May 2017 Honduras Coup update
Journalist bashed and tortured covering attacks against a student occupation
Journalist and human rights defender Ronnie Ezequiet Huete Salgado has a long history of having worked 17 years in journalism including having taught in UNAH and in private universities and has been on the scene to document many human rights violations in Honduras. In the beginnings of the coup he received death threats in relation to his work. On the night of 24.5.17, Ronnie received a phonecall from an anonymous person; the caller told him that there was an uni occupation taking place and that people’s lives were at risk, so he went immediately to the university to cover and intervene in the capacity of a journalist. As he arrived he saw a group of ESPA company UNAH privately contracted guards around the buildings – he approached and asked them what was happening, and they responded that they were not authorised to give statements. Ronnie went towards the admin building and saw a group of students who had faces covered, and the students gave their testimonies on what was happening. Ronnie proceeded to a lower level of the building where he saw a group of students in confrontation with another group of people who also had faces covered, but who had shirts removed and were holding batons. Ronnie began recording with his phone with which he can transmit live for the Brazil-based internet media for which he is an international correspondent. As tension rose higher and higher he called national and international press and also called his dad. Ronnie then tried to intervene and mediate, but it was too late, the shirtless hooded group jumped from the lower floor to the parking lot where the students were to chase and attack them. The baton-holders began to bash one of the doors towards the reception office of the building, then they swung towards Ronnie and sprayed his face with toxic pepper gas. Ronnie said he was an international correspondent and human rights defender and showed his international journalist ID, they responded by snatching his phone and ID, and began beating him with batons and kicked him to the ground. He kept insisting he was working as a journalist and they beat him harder and harder. Ronnie thought he was going to die and begged them to stop. Ronnie remembered the hooded person who ordered them to stop beating him was also shirtless and wore black pants with green stripes (perhaps that is part of the security company uniform, as he mentioned that detail about a few of these shirtless attackers) – they lifted him off the ground and told him not to move. Ronnie insisted that he was a journalist, and they told him to shut up or be bashed again. They watched him. Ronnie felt his hands and eyes burn from the pappergas, and pain on the right hand and many other parts of his body from the torture and beating. Ronnie told them he needed medical assistance, they ignored him. He doesn’t know how much time went by before he heard that another human rights defender was present and he took the risk to get away to seek help. He managed to leave the parking lot, and met his dad and a human rights defender at the reception office. Once accompanied he tried to request his phone and international journalist ID back, but was refused. The human rights defender said lets go, you need to see the doctor now, so the three went to exit the campus. On the way out a police contingent was outside waiting for them, saying they had an order to arrest anyone who leaves the building. Each showed what IDs they had – Ronnie had a journalist association ID in his pocket, but they proceeded to arrest him. In that condition of just having been beaten and needing safety and care, he was instead kept in a police cell for about 36 hours, without medical attention, sleeping on the floor, breathing in nauseating smells, with limited access to food and water. When he was finally to be heard in court, Ronnie was cuffed by feet and hands. He was asked his version of the events, and he told the judge how he was tortured. Having said that he feels even more vulnerable. Ronnie was charged the same charges as the students, and accused of being part of the student occupation. Ronnie is psychologically traumatised and is in fear for his life and needing protection.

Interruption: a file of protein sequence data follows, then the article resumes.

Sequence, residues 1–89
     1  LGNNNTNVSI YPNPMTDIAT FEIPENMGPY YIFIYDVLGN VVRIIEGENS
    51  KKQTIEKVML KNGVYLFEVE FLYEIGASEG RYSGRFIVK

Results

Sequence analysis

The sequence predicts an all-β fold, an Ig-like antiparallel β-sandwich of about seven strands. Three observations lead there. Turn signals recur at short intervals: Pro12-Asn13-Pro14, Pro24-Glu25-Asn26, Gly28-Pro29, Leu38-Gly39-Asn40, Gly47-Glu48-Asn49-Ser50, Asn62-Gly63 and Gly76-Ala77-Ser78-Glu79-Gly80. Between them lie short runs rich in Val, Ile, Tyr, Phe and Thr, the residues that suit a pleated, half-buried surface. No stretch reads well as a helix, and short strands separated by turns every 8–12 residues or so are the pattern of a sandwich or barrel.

Students arrested and smeared
There were twenty students involved in this uni occupation, 4 women and 16 men. They occupied protesting in solidarity with three student activists (Moisés Cáceres, Cesario Padilla and Sergio Ulloa) who have been locked up, demanding that they be freed and the charges be dropped. In those early hours of 25/5/17, students were first chased and sprayed peppergas by masked and unshirted security guards and then police and military entered UNAH without any required judicial orders (police and military are not supposed to enter autonomous uni campuses unless they have a court order to) to complete the eviction and arrest all students. All twenty students were held for 36 hours in the police cells, and charged with ‘provoking damages to the director’s building’ (the office door that the security guards hit, perhaps?). All students were cuffed by their hands and feet as they were taken into court for the bail hearing. The main witness for the hearings against the students is none other than the retired soldier Roger Aguilar Flores who is in charge of the ESPA security team.
As that initial court process was going on, UNAH director Julieta Castellanos spoke for over an hour at the university council meeting, in which Julieta made a series of statements to smear and incite hate towards the arrestee students who occupied. Her statements included that ‘those violent students unless they get controlled are the future of the Islamic State in this university’, she showed pictures of some of these students being student representative candidates saying they are from the Libre political party and showed pictures of Libre and Anticorruption party and PINU assemblies to show that some of these youths attended some of these assemblies.. she made comments saying that the youths who participated in this had psychological problems. She said she would sue the students that dare question her 8 years in her position, saying she will not allow it. And on the use of media by students and by her, she warned, ‘we already know who manages the page and we are going to call because they always say we don’t know who manages the page and we are going to call Mr Vice Director’ referring to Ayax Irias. ‘We are going to commission a TV slot’ against the students, she said, as they had done during student protests in 2016, through Televicentro corporation. Julieta said that there are no agreements to drop any charges. She said, she would not tolerate more protests at uni. The university authorities also went on to send a public press statement that labelled students organised in the Uni Students Movement MEU of UNAH as ‘anarchists and trotskyists’ – naming especially psychology student Marcio Silva – this was in response to a prior meeting in which students told university authorities that they would not accept the prolonging of the mandate of the current authorities that are due to finish in September 2017, since every time students exercise their rights to protest they are repressed violently.